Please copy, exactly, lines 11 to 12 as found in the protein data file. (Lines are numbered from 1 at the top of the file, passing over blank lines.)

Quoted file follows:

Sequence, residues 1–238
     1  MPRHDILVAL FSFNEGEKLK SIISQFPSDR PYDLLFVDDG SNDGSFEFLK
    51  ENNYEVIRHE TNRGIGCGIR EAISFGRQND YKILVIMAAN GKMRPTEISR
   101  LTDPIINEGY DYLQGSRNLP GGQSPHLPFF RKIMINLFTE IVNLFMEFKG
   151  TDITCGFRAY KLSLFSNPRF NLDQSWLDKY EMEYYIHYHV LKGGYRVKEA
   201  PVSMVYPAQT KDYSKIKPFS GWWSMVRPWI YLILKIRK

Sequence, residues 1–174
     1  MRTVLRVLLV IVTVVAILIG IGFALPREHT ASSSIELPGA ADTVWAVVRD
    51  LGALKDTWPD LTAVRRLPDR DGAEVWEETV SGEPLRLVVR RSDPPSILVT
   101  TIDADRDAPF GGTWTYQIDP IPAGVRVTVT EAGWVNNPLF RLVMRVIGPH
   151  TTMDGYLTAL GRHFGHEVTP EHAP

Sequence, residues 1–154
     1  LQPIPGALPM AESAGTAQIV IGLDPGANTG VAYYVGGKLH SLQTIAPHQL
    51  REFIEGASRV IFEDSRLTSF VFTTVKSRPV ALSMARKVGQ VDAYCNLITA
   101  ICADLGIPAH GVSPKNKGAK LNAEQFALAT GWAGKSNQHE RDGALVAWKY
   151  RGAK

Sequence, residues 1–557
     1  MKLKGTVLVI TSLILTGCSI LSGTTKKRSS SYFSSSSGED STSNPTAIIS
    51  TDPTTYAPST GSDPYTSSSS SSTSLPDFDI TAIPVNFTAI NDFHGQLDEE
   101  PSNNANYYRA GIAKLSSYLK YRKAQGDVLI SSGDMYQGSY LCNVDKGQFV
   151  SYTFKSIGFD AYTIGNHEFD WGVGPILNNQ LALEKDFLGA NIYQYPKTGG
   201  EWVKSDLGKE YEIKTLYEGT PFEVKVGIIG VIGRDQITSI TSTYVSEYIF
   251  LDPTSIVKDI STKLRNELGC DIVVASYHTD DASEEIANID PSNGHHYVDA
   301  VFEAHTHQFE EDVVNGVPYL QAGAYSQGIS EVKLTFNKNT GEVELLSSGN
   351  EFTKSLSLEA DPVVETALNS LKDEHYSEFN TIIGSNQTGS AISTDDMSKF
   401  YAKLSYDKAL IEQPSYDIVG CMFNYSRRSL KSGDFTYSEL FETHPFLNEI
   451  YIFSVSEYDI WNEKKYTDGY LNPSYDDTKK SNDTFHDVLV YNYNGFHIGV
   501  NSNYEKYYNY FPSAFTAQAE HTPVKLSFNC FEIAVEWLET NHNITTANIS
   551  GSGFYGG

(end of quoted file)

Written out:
   151  TTMDGYLTAL GRHFGHEVTP EHAP

Sequence, residues 1–154